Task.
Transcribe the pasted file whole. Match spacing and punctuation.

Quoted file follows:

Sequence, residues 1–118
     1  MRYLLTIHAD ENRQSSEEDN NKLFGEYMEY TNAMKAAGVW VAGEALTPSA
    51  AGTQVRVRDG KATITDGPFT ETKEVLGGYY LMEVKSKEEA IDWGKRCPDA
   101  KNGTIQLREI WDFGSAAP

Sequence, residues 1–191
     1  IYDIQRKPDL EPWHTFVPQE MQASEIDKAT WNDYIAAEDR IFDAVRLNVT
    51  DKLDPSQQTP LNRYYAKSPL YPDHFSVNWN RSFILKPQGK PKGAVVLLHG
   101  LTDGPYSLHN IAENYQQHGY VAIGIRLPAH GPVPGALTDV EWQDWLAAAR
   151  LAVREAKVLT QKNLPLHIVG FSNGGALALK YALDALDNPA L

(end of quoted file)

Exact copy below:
Sequence, residues 1–118
     1  MRYLLTIHAD ENRQSSEEDN NKLFGEYMEY TNAMKAAGVW VAGEALTPSA
    51  AGTQVRVRDG KATITDGPFT ETKEVLGGYY LMEVKSKEEA IDWGKRCPDA
   101  KNGTIQLREI WDFGSAAP

Sequence, residues 1–191
     1  IYDIQRKPDL EPWHTFVPQE MQASEIDKAT WNDYIAAEDR IFDAVRLNVT
    51  DKLDPSQQTP LNRYYAKSPL YPDHFSVNWN RSFILKPQGK PKGAVVLLHG
   101  LTDGPYSLHN IAENYQQHGY VAIGIRLPAH GPVPGALTDV EWQDWLAAAR
   151  LAVREAKVLT QKNLPLHIVG FSNGGALALK YALDALDNPA L